9. A couple years ago when I began questioning Fundyism, I did a paper on Calvinism. I decided to listen to the extremes of both sides and hopefully find a middle ground. I got a book called “Why I’m not a Calvinist” by Ruckman, and listened to John Piper, (a Seven point Calvinist), explain TULIP. Sometime during the middle I was shocked when right after reading in Ruckman’s book the same thing this guy mentioned, no calvinist pastor ever thinking his own son was un elect. This was because I had just heard a video clip of Piper talking about his son Abraham Piper who at the time was not saved. I spent hours yesterday trying to find the clip, but couldn’t. Anyone else know where it is?

    I suppose the pastor we all saw could refer to this article: http://www.billygraham.org/DMag_SpiritualHelp_Article.asp?ArticleID=872
    My hope would be this would cause rejoicing rather than gloating, but who knows. Anyway, if anyone knows where I could find that video I mentioned, please let me know. It was a major turning point for me. Thanks.

  10. got a book called “Why I’m not a Calvinist” by Ruckman, and listened to John Piper, (a Seven point Calvinist), explain TULIP.

    Might I suggest a little book called Wesley for Armchair Theologians
    by William J. Abraham?

    I highly recommend to my Calvinist friends to read this book as it helps them to avoid doing the kind of injustice to Arminians that they detest when done to them.

  11. At the time I knew little about either Ruckman or Piper. I knew even less about Calvinism. Keep in mind the church I got the book “Why I am not a Calvinist” was from my uncle’s church where he and his family were sent as missionaries. I was definately not raised a Calvinist, and it was and to some extent still is a struggle to be a Calvinist.

    Trust me, I didn’t want to be a Calvinist, and I looked hard for any reason not to be. I looked for reasons and men a lot better than Ruckman. Because I understand the struggle, and because pretty much all of my family and friends are not Calvinists if not anti-Calvinists I try to be graceful about my theology. This is also one of the reasons I struggled with much of Fundamentalism. There was no meekness with other theological systems. As a “recovering” Fundamentalist, I often slip into my old Fundy ways and can be harsh, but I am striving to be more like Piper rather than Ruckman, but in the end, the important thing is to struggle to be more like Christ. Part of Fundism is following men and losing sight of Christ, perhaps I still have more recovering to do.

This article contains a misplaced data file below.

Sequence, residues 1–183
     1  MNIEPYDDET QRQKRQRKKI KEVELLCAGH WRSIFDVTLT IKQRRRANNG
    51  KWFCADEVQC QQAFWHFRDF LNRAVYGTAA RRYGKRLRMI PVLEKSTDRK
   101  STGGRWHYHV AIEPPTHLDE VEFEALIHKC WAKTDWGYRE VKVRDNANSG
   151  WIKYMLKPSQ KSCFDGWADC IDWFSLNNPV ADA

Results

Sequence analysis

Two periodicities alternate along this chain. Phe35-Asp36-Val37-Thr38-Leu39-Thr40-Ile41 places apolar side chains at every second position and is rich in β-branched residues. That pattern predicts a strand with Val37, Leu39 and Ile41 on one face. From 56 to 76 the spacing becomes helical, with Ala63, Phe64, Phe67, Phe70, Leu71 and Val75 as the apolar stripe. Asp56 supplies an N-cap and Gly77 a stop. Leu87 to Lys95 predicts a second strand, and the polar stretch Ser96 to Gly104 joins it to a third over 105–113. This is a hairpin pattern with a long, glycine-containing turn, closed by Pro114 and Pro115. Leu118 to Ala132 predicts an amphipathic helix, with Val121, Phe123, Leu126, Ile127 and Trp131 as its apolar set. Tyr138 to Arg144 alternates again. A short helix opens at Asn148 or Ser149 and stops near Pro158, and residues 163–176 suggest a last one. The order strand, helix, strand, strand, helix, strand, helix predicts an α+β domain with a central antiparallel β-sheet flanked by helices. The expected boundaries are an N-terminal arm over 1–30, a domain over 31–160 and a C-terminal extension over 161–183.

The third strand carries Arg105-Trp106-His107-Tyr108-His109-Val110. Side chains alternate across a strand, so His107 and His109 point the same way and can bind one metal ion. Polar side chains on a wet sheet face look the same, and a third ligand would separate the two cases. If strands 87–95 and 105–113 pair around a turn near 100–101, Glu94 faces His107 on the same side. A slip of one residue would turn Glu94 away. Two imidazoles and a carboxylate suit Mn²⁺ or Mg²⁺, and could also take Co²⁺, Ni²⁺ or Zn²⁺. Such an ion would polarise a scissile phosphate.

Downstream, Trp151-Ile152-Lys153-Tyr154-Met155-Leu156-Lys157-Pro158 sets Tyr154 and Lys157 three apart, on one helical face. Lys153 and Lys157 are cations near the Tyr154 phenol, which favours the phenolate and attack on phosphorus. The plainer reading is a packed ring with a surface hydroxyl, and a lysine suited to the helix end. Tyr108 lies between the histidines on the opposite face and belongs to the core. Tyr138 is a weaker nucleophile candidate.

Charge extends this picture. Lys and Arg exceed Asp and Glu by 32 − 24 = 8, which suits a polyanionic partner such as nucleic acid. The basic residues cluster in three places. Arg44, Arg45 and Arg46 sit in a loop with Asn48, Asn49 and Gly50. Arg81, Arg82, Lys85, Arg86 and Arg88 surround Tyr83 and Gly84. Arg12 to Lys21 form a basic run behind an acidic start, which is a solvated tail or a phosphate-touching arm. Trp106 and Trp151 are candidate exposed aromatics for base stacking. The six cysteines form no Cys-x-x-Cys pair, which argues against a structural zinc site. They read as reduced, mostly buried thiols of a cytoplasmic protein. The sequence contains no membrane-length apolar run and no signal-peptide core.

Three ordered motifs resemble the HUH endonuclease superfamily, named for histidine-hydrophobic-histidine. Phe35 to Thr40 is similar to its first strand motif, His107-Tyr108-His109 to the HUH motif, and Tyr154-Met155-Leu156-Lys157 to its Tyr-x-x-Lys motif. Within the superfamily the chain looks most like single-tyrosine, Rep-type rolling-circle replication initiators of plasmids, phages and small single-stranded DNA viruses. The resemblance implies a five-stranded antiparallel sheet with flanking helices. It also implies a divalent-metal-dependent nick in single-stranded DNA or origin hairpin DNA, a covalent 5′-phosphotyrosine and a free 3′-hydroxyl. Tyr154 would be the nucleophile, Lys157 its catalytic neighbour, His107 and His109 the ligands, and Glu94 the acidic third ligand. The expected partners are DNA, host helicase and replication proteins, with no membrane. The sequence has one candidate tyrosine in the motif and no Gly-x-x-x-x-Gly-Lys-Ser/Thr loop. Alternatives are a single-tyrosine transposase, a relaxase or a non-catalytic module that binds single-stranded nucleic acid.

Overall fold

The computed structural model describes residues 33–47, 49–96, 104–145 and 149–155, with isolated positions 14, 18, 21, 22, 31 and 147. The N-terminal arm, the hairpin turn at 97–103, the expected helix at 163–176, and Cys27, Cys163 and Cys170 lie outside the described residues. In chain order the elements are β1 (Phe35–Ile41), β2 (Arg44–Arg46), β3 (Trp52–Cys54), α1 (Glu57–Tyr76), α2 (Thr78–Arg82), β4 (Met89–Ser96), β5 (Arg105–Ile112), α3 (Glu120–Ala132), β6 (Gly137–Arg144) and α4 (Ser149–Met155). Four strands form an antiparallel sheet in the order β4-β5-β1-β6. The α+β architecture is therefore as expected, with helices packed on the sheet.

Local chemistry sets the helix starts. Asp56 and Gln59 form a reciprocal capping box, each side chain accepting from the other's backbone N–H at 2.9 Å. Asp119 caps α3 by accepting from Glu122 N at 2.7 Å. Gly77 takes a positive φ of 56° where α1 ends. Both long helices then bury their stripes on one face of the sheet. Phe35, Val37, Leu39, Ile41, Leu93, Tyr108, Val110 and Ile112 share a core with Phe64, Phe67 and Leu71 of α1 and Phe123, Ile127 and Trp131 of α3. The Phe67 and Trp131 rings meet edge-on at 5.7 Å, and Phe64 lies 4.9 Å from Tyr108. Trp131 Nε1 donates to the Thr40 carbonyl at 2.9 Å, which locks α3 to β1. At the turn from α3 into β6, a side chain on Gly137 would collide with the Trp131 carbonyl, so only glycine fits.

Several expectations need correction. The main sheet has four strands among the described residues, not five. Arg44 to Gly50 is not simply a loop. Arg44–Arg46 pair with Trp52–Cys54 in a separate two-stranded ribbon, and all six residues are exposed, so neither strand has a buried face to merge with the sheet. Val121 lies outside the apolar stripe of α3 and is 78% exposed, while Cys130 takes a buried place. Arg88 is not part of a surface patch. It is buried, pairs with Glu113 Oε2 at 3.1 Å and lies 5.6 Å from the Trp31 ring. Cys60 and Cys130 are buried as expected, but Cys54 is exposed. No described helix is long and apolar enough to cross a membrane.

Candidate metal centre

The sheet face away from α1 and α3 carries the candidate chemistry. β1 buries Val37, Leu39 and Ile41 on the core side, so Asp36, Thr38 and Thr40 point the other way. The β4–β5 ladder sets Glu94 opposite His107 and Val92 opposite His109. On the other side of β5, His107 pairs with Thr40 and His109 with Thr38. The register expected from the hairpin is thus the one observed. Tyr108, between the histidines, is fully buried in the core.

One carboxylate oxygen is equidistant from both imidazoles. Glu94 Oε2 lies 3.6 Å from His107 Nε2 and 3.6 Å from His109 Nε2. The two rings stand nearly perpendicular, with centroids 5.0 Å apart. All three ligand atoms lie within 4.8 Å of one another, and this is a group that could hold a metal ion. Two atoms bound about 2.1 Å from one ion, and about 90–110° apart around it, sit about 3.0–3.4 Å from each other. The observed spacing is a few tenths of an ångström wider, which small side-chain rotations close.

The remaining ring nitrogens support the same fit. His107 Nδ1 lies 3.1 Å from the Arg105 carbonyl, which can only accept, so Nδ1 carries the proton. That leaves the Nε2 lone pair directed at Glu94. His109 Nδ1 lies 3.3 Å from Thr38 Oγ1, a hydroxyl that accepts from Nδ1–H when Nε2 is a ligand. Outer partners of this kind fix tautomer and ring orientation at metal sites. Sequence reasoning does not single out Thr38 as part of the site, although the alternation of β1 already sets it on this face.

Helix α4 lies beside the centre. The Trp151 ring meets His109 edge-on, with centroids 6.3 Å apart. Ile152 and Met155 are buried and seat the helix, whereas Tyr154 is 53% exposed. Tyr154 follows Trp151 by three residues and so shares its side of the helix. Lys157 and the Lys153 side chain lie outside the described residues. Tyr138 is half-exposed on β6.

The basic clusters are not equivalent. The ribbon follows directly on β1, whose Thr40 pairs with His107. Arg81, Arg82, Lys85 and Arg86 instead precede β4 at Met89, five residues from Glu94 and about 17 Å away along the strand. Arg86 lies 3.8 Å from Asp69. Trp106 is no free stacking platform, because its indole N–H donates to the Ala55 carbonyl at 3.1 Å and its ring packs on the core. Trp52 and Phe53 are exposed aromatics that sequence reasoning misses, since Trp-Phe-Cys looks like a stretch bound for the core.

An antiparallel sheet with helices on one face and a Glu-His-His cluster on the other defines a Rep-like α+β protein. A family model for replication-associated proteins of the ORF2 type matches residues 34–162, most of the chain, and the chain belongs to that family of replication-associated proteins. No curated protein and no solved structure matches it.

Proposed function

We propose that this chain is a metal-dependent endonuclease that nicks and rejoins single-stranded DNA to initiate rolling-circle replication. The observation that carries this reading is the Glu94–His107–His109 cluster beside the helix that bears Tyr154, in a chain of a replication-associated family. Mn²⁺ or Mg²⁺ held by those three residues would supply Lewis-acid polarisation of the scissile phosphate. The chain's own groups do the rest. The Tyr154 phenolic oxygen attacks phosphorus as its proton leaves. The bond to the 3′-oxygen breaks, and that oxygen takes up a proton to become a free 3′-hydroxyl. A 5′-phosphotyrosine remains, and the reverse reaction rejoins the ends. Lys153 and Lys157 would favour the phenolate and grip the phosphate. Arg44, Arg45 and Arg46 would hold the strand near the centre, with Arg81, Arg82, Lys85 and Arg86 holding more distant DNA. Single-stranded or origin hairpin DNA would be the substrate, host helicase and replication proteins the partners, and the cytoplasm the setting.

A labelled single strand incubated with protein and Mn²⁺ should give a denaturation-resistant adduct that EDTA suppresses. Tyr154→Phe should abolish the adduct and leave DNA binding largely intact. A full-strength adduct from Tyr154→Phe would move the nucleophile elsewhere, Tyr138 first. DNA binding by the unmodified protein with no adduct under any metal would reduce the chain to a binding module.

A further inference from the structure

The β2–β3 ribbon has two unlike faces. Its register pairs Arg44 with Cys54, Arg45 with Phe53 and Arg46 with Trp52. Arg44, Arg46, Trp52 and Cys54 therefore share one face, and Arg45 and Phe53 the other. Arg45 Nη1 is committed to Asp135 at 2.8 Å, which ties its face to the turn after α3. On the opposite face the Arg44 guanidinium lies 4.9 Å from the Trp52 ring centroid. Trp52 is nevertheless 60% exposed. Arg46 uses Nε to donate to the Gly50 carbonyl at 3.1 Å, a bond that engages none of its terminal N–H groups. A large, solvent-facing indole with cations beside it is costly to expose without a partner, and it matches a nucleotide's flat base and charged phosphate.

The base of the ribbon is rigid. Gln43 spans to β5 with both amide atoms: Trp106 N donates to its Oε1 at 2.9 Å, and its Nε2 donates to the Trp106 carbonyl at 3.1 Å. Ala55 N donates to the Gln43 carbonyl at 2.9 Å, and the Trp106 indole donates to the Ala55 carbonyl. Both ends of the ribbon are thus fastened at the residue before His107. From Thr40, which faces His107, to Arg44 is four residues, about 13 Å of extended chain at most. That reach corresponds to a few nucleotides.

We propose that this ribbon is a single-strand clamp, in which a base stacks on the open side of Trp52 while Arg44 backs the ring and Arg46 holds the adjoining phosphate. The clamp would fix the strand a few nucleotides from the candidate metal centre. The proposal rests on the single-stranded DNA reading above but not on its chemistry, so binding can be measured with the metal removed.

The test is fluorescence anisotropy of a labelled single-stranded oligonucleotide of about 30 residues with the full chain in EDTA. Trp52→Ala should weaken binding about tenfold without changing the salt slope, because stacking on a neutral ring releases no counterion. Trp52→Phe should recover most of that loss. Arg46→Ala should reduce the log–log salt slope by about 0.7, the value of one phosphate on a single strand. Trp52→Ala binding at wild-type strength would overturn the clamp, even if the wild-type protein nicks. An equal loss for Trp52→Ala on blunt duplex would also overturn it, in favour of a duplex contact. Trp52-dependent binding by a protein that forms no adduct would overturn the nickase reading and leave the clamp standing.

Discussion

Anyway, thank you for the book suggestion, I will check it out. I have noticed there are pleanty of Calvinists who can be just as rough as Ruckman. I have no desire to bash non-Calvinists, as I have pleanty of friends and family that fall into that catagory. Part of what attracted me to the Doctrines of Grace was so that perhaps I could be a little more gracious myself.

  12. Painful, but true. The church I grew up in (Fundamentalist). The pastor started going off on Calvinism. Now even today I wouldn’t call myself a Calvinist. I think it is a fine theory, and I think it explains a lot, but I just don’t want to be put in a box when it comes to scripture. I also am not sure about limited atonement.

    Now I believe that if a Calvinist truly believes that the commandment to win souls is void than there is a problem. I typically would have called them a “hyper-calvinist.” One day my pastor was preaching. This was after college and was one of very few sermons I’ve heard of his since college. He started preaching about a particular person who he called a “hyper-Calvinist.” I was ready for it. I was waiting for the juicy details of a man who ignores the great commandment. As he described this person it wasn’t just a Calvinist he was describing. In many ways he could have been describing me, a non-Calvinist, and yet he was ascribing “hyper-Calvinism” to this person when he merely believed in something so simple as predestination. Needless to say I was very uncomfortable in that service.